Meanwhile, two companies -Finelist and Tracker Network -no longer appear due to delisting and their transference to the private sector.

The net result is that Table 1 contains just 49 companies from the list which appeared in May 1999. This has been made up to a round 50 through the addition of Salvesen C, the consumer and industrial logistics operator which has a heavy involvement in the motor industry through Swift, although a rebranding exercise is taking place which will see Swift's familiar red-liveried trucks replaced progressively by the Salvesen brand.

Whether Salvesen retains its independence long enough to feature in the 2001 listing is uncertain because, no sooner had the company been included in the "Motors 50", news broke that it had received a takeover approach from its largest shareholder, such is the frenzy of activity which characterises the current stockmarket scene. Indeed, already it is possible to anticipate that at least four members of the present listing - Alexanders, Arriva, Britax International and Gowrings -may not be eligible for inclusion by this time next year due to a growing emphasis on their part on non-motor industry activities. Moreover, the chances that there will be no further takeovers in either the components or vehicle distribution sectors must be extremely slim.

Table 1 presents the "Motors 50" companies in descending order of percentage gain from their share price low of the past 52 weeks. The table demonstrates vividly that, even in the rather dull investment category which is represented by the motor industry, there are spectacular gains to be won if investors choose wisely and get their timing right.

Torotrak is the undisputed winner with an increase of 159% from the year's low. However, a review of the company's high and low shows that its share price has been highly volatile and that anyone unfortunate enough to have invested at the top would have been suffering a 34% capital loss by mid-June. Torotrak is developing an infinitely variable transmission system which may or may not become the industry standard and is interesting insofar as the company represents the new breed of stocks in which investors commit funds today to back advanced technology in the hope of achieving spectacular long term returns.

Torotrak's latest results were released on June 19 and indicate that a pre-tax loss of £8.5m was incurred in the year to end-March, substantially higher than the £4.8m loss of the previous financial year. Obviously there is no dividend and the consensus among industry analysts is that consensus among industry analysts is that losses will deepen in the current year and continue until 2004. However, if things go well the long term returns could be in the stratosphere and the company's broker, Kleinwort Benson, is predicting annual profits of £250m by 2013 on the assumption that Torotrak's technology becomes a winner.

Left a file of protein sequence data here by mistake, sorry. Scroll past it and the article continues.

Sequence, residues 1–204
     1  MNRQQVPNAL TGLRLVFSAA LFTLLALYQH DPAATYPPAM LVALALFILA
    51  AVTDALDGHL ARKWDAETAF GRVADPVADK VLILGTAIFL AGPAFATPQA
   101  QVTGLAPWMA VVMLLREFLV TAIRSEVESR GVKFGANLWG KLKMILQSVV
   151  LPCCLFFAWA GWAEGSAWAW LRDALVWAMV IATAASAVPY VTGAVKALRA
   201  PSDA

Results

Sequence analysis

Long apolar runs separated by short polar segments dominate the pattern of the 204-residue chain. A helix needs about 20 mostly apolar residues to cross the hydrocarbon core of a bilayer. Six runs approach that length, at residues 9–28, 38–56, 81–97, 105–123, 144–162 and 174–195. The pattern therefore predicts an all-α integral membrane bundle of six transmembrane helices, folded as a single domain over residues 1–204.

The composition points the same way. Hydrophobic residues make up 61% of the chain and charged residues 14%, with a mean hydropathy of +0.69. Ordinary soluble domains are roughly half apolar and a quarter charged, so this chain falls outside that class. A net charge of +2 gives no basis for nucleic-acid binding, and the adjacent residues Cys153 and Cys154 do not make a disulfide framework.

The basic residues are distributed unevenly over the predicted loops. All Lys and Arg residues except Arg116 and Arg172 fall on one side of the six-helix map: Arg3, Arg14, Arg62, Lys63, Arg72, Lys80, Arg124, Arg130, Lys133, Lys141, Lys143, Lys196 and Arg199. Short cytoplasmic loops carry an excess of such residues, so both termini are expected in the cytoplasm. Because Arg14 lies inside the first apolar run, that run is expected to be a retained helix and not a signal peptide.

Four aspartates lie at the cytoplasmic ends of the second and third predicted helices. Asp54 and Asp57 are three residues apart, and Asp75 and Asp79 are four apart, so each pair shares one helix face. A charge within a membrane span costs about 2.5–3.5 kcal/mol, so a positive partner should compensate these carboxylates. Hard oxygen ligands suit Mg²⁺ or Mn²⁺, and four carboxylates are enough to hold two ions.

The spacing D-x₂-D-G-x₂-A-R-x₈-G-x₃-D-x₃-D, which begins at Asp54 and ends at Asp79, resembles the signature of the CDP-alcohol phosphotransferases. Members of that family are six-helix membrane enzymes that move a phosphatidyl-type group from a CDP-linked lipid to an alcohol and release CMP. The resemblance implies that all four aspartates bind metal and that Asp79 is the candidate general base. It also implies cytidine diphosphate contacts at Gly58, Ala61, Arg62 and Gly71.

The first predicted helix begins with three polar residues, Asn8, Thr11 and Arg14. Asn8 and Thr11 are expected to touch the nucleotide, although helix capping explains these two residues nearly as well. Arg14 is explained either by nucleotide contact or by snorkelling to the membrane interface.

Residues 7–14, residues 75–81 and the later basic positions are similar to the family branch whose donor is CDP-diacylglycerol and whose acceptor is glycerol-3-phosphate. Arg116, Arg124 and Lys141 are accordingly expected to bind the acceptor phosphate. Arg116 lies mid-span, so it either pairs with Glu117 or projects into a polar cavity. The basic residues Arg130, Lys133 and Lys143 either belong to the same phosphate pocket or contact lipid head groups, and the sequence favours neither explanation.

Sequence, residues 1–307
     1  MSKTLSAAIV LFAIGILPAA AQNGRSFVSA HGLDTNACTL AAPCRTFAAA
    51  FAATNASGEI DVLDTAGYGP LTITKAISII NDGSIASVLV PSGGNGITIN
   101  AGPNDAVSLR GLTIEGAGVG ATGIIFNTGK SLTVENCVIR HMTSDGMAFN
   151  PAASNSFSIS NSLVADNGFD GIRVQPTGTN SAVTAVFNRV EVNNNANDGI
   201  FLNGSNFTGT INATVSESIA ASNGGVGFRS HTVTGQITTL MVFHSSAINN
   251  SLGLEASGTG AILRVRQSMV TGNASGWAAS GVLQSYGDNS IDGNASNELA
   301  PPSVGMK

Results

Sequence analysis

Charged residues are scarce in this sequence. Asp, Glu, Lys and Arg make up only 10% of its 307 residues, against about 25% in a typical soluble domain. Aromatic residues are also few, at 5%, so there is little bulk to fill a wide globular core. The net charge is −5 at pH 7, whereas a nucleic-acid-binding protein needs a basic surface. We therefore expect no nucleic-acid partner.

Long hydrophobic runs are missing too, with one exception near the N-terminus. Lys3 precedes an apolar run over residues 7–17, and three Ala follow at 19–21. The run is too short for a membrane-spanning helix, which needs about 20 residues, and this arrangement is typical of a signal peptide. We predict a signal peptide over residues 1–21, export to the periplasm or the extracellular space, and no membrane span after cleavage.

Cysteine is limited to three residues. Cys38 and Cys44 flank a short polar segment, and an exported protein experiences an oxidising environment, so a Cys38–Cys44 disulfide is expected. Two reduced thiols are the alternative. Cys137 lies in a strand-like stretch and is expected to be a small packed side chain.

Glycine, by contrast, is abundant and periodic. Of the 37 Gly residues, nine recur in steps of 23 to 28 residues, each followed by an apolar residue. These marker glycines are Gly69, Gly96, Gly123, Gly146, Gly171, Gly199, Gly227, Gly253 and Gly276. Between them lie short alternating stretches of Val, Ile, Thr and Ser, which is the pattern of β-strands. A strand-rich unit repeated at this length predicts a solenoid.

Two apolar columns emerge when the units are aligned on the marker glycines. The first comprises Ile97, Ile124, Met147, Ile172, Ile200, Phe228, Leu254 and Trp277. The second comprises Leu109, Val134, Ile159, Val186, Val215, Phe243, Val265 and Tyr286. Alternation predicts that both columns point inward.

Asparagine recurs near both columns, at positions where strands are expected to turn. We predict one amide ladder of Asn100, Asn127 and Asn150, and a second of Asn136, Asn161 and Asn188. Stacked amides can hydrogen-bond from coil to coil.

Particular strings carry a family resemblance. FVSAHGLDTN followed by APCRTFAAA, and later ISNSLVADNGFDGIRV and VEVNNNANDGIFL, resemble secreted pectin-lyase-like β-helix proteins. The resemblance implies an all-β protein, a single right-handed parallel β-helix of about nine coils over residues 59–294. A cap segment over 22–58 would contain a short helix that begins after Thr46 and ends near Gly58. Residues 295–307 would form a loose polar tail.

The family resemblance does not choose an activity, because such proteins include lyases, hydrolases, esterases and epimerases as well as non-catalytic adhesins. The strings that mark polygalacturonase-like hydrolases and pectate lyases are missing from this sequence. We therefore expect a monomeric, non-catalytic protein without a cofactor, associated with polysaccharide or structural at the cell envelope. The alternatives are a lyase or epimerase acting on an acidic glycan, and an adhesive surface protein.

Table 1
LEADERS AND LAGGARDS AMONG THE "MOTORS 50"
(Arranged in descending order of percentage gain from the low of the past 12
months, based on price quotations at the close of business on June 15, 2000)


Price in pence (June 15, 2000) Past year's % change from past year's
High Low High Low
Torotrak
378
570
146
-34
159
DC Cook
17
24
7
-29
143
Volex
1433
1440
607
-1
136
Alexanders
31
31
14
-
121
Johnson Matthey
892
902
518
-1
72
Hawtal Whiting
54
81
32
-33
69
McKechnie
377
536
223
-30
69
Sanderson Bramall
148
250
93
-41
59
Autologic
655
695
415
-6
58
Arriva
211
396
135
-47
56
Trafficmaster
547
1200
350
-54
56
Dixon Motors
162
220
105
-26
54
BBA
466
556
304
-16
53
Ricardo
458
536
302
-15
52
Pendragon
142
195
96
-27
48
Laird
238
344
162
-31
47
Lookers
85
105
58
-19
47
Pilkington
92
121
63
-24
46
TT Group
123
169
84
-27
46
Lex Service
418
629
288
-34
45
Automotive Precision
13
16
9
-19
44
European Motor
53
77
37
-31
43
Bostrom
205
240
144
-15
42
Caffyns
290
375
205
-23
41
Britax International
133
173
97
-23
37
TI Group
381
574
280
-34
36
Tomkins
202
308
149
-34
36
GKN
905
1159
676
-22
34
Quicks Group
51
103
38
-50
34
Renold
110
189
83
-42
33
Salvesen C
149
150
112
-1
33
HR Owen
110
168
85
-35
29
Reg Vardy
264
340
204
-22
29
British Vita
260
295
203
-12
28
First Technology
500
568
405
-12
23
ICI
515
826
425
-38
21
Ryland
46
91
38
-49
21
Corus
98
180
82
-46
20
Mayflower
165
289
137
-43
20
Avon Rubber
236
595
198
-60
19
Perry Group
93
156
78
-40
19
Wagon
174
300
147
-42
18
Henlys
393
605
335
-35
17
Senior
67
165
60
-59
12
Sytner
109
245
98
-56
11
Gowrings
105
155
96
-32
9
Manganese Bronze
205
270
190
-24
8
Airflow Streamlines
126
172
118
-27
7
Inchcape
252
963
238
-74
6
Jacks (Wm)
36
83
36
-57
-